But of course today, of all days, the traffic was simple and breezy, like the weather that grinned at me as if to say, "Even if you go kicking and screaming, the plane will take off, and WILL take you to DC!" When we arrived at the airport my mother and I drove around and around Central Parking, mistakenly followed a New York license plated car with the word "Covey" stamped on the bottom (they didn't know where they were going, we found out ten minutes later), and finally parked the vehicle in 4X. We then lugged my heavy black rolling suitcase, my tiny black rolling carryon and my J.Crew tote bag to Terminal C.
Now here is the part where my stomach is doing backflips and my throat feels like it's seizing up with the prospect of sending my mom off to work and walking through the gate alone. But, because life is comical and problematic, I was not allowed to wallow for long.
"Your bag... too heavy!" The man at the AirTran counter looked at me, perturbed. "Your bag... 15 pounds overweight. Very, very expensive!" He seemed to be urging me to do something about this - did I not understand? The bag was TOO HEAVY!
I looked at him, dumbfounded. I didn't have an extra suitcase in the car. Should I empty it out? Take some things on the plane? Send my mother home with an armful of T-shirts? "Okay?" was all I managed to say. My mother took charge, handed over her silver Visa card and proceeded to pay for that extra blazer, jeans and shoes I threw in for good measure this morning. As I watched the man tie a neon orange label to my bag, defining it forever as "HEAVY" - I thought to myself, I have done this completely wrong. Maybe my bag is so heavy the plane won't be able to take off, then they'll leave my bag here, and I won't have clothes in DC. Or maybe this is a sign that I should have listened and packed everything in 2 suitcases instead of thinking I could get it into one! Or maybe, MAYBE, I am not cut out to be a traveler and I should spend the rest of the day hiding in the silver stall of the women's restroom next to Hudson News.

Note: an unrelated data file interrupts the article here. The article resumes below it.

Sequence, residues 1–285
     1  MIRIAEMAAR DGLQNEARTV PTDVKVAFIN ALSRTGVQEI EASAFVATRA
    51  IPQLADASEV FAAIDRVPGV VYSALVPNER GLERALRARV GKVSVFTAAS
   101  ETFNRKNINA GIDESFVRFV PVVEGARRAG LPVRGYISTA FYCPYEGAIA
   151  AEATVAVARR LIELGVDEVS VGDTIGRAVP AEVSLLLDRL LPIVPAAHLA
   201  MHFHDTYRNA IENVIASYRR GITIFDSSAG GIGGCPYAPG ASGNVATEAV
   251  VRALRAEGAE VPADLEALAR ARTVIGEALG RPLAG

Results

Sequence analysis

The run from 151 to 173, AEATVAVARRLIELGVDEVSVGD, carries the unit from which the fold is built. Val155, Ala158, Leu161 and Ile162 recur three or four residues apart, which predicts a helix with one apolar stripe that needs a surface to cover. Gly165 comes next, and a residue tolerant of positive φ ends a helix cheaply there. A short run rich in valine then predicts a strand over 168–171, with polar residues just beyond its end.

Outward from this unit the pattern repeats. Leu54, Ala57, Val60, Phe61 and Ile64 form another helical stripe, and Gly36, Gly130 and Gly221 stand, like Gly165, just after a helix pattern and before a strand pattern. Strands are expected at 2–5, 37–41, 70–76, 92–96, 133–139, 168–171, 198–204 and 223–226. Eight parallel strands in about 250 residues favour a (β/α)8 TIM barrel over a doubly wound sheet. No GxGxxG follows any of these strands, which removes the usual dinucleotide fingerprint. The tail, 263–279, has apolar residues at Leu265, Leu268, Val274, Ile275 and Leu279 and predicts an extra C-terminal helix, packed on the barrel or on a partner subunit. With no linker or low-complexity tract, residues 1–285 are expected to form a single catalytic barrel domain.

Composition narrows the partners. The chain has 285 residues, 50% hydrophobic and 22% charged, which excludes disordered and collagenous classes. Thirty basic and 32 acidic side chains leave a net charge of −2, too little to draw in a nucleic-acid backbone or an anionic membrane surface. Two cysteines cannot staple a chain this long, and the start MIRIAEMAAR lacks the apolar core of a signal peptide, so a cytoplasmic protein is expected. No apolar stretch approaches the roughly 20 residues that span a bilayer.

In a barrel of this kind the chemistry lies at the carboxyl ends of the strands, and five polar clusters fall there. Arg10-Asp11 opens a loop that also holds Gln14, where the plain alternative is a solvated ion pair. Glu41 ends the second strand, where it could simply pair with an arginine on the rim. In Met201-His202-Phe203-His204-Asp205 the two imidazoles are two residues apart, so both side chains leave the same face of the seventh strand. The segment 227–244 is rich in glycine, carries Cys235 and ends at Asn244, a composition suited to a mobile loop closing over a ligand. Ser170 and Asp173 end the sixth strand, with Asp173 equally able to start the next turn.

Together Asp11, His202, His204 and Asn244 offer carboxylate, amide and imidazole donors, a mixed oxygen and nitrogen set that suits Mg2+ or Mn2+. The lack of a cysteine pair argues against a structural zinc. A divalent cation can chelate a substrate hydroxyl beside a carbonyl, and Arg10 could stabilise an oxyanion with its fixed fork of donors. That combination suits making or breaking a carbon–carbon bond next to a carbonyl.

Somehow, between Mr. HEAVY bag checker and the security line, I kissed my mother goodbye and had my license inspected, and was allowed to pass through to the part of security where you take off your shoes and walk through the beeper. And I made it through the security line, and into the terminal, and read through the September J.Crew catalog (www.jcrew.com) twice, and contemplated Supergluing my pants to the chair. The time came to board, and I found myself in 17A, a window seat, next to a nice couple on their way to Texas or Oklahoma via Baltimore. They read the USA Today; I read the Boeing 737 safety manual.
When the complimentary drinks cart came around, they each ordered a Coke. The nice gentleman pushing the cart looked at me and appeared to say, "Are you okay?" I thought, how nice! He must have seen how nervous I was about getting on this plane and flying alone to DC and is checking up on me. I smiled back and said, "Yes, thanks." A third Coke came down the line toward me. "Oh, no thank you!" I said, still smiling. Why was I being given a Coke? The flight attendant looked at me, his wrinkly face confused. "I'm all set," I said. He still stared. Thinking that perhaps it was more socially acceptable to order a drink, I asked for an orange juice. He looked at me, leaned over the couple sitting in 17B and C and said, "First you wanted a Coke, then you were all set, and now you want an orange juice?" I gaped. I coughed. I felt completely foolish. "Yes?" I managed to squeak out. It's not even 10:30am and I have already revealed my idiocy to the entire section of the AirTran flight 826 to Baltimore. Smiling weakly, I accepted the Minute Maid can and sipped it quietly.
That's when I noticed the midge. I think you call them midges - those tiny little flies that land on windows, seem to have an intense liking for human skin and sweat, and that I've always squished without a second thought. But this midge fly was sitting there on my plane window, completely still. My first thought was, "How'd he get up this high?" until I realized he was actually inside the plane. And as my thumb veered to squish him into oblivion, I stopped. Maybe this midge was like my traveling companion. Maybe he was like a little, insect version of Virgil, and I was the humble Dante being guided to Baltimore (whether Baltimore is the Inferno or the Purgatorio I don't know...). For the rest of the descent, I watched Mr. Midge, and thought about the whole process of beginning to be in a new place.
We landed safely, Mr. Midge and I, and I managed to find myself the Super Shuttle and get to 327 8th St., NE. And now I'm in the new apartment, getting ready to go to a Welcome Picnic. I'll write more tomorrow, friends. Let the journeying begin.